Wolfe Publishing Group

    From the Editor

    Horror Vacui

    Horror Vacui or “Nature abhors a vacuum” is most often credited to the philosopher Aristotle. The stated concept was that in nature nothing remains empty. You are probably wondering at this point, What in the world does this have to do with black powder cartridge shooting? I would argue that this wise saying represents what we are seeing take place in some of our black powder shooting disciplines, especially those historically connected with the National Rifle Association.

    In the Spring issue (No. 105) “Letter from Readers” we saw the announcement by rifleman Robert Garibay of the newly formed Black Powder Target Rifle Association. His stated goal of the BPTRA was to be “bringing the matches to competitors that they deserve.” In this issue, a letter was received from well-known Long Range rifleman, Ray Hanson, informing us of the success of the recent nine-day competition at the Ben Avery Shooting Facility in Phoenix, Arizona. Ray was greatly encouraged about the future of Long Range shooting by the positive experience he had at the matches, which had no support from the National Rifle Association. To add to this sea change, at least in my mind, is the continued popularity of the various .22 BPCR Silhouette matches around the country, run by volunteers, and not sponsored or recognized in any way by the NRA. Let’s also not forget the wildly successful “Quigley Match” which takes place at Forsyth, Montana, and is arguably the largest black powder cartridge rifle event in the world; again, doing so with no support or recognition from the NRA. Did I mention that these matches are staffed by unpaid volunteers?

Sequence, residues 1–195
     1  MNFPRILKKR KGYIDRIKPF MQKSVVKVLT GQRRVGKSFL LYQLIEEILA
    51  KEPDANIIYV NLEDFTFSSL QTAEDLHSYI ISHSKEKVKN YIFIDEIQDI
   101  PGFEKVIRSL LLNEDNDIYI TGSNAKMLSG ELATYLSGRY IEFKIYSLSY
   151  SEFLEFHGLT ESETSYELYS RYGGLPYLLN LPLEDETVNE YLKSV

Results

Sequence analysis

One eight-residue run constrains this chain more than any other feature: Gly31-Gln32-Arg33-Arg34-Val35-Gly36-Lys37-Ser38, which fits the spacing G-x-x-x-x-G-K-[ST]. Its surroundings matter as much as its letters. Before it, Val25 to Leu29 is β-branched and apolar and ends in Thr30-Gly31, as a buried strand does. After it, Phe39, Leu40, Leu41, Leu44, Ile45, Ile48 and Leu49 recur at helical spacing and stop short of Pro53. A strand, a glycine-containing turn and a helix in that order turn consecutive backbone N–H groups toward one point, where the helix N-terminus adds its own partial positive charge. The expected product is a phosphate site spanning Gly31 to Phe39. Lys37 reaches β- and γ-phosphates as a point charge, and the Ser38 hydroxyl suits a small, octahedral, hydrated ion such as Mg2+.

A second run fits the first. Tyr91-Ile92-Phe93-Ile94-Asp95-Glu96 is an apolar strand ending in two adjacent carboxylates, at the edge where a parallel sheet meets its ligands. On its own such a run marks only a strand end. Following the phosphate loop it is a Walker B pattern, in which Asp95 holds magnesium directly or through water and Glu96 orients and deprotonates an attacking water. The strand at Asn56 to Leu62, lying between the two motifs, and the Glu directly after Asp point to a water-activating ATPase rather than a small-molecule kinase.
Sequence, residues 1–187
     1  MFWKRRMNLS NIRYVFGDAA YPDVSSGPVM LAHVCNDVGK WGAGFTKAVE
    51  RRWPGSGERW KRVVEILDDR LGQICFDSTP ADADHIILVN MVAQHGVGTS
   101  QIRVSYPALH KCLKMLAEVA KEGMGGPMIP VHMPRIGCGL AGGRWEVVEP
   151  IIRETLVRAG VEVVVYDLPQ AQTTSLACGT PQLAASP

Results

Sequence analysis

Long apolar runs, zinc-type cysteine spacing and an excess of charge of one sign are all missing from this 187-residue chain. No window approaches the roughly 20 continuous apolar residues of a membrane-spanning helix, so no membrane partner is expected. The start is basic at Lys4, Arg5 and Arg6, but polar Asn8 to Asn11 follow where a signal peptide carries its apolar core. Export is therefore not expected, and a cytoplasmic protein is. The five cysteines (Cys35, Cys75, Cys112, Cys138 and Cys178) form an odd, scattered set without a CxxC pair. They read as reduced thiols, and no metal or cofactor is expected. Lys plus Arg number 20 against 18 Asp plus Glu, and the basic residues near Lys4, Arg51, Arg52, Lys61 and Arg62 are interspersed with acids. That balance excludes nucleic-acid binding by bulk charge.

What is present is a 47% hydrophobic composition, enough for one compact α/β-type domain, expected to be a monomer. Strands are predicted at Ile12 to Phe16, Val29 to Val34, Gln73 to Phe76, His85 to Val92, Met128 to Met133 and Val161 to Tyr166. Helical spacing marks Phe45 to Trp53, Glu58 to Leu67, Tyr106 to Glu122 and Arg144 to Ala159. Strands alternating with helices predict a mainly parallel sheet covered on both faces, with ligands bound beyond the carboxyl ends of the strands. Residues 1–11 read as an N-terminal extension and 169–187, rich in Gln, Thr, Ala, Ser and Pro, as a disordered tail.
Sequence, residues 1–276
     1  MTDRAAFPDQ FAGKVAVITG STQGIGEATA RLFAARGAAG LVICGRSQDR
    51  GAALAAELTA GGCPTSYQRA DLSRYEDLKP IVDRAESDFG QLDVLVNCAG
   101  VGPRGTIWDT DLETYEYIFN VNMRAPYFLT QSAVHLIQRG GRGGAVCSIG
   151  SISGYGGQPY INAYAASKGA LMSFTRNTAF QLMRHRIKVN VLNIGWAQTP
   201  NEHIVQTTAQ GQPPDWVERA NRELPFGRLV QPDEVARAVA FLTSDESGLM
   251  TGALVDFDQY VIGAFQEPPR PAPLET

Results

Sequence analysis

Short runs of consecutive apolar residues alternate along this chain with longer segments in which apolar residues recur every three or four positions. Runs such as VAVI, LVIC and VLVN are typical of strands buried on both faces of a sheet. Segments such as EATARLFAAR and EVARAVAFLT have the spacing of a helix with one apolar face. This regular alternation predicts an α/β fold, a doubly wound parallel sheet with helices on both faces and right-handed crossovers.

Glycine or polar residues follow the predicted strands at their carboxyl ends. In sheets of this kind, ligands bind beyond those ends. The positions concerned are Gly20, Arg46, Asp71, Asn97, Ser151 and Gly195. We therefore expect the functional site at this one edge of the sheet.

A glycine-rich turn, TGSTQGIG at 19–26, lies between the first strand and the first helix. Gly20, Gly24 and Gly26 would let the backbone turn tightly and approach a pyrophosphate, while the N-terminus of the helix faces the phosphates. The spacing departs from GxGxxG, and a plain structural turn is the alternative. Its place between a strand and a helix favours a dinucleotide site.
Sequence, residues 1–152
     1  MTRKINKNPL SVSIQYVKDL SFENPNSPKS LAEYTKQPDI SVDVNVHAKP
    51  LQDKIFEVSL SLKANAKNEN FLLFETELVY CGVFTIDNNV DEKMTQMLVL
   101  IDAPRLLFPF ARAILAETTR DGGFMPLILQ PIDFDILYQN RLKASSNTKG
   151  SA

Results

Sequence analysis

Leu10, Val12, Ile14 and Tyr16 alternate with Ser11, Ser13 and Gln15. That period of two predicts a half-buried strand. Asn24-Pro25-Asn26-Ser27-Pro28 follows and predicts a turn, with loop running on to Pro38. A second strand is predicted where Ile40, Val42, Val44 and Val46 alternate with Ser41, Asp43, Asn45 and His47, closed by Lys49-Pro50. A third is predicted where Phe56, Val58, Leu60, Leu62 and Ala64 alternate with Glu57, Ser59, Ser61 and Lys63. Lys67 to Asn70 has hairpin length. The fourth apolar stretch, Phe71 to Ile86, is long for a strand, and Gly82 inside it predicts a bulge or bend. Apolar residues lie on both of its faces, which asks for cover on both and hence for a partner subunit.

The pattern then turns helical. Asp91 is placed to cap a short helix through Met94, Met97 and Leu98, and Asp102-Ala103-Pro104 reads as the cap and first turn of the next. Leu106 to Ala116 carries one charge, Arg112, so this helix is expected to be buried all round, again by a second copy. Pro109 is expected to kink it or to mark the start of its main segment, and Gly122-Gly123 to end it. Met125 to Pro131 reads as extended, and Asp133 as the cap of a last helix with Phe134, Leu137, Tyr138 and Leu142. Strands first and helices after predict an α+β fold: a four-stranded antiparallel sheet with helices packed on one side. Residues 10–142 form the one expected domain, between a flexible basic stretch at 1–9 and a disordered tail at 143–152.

What exactly is going on here? It seems to me what we are seeing is a reaction to years of perceived mishandling of both the sport and the competitors in the black powder cartridge shooting disciplines. People have voted with their feet and are simply supporting those shooting events, or starting new associations and shooting ranges which are relatively free from controversy and mismanagement. There has been a “vacuum” created in people’s perceptions about NRA-run events, so it has begun to be filled by those who believe the BPCR shooting sports are too important to let die.

    This is not meant to be an NRA-bashing editorial, but the truth of the matter is that the NRA enjoyed being on the ground floor of the black powder cartridge shooting phenomenon in its infancy. Starting with BPCR Silhouette and Target Rifle competitions, the NRA was ideally positioned to make the most of these matches and the shooter enthusiasm that went with them. The fact that they didn’t, has now become painfully obvious. Opinions on why that came about are varied, but the end result has been the same.

    The NRA Competitions Department has stated that when a match sinks to below a certain number of competitors, then it is simply not feasible to continue to hold the competition. I would argue that this is precisely the mindset that got the NRA into trouble in the first place. The competitors that hang on in the face of adversity are precisely who you want to encourage. Those are the shooters who keep a sport alive through the natural ups and downs of any competitive discipline. Not recognizing this fact is extremely short-sighted and almost guarantees failure.

    To be fair, there are those in the NRA who see the deficiencies and are working hard to correct them – I wish them luck. They have an uphill battle to correct past mistakes. If they give up or “kill the messenger” by ignoring input from those shooters that are still participating in NRA-sanctioned events, we will simply see an even further “filling of the vacuum.”

    Wolfe Publishing Group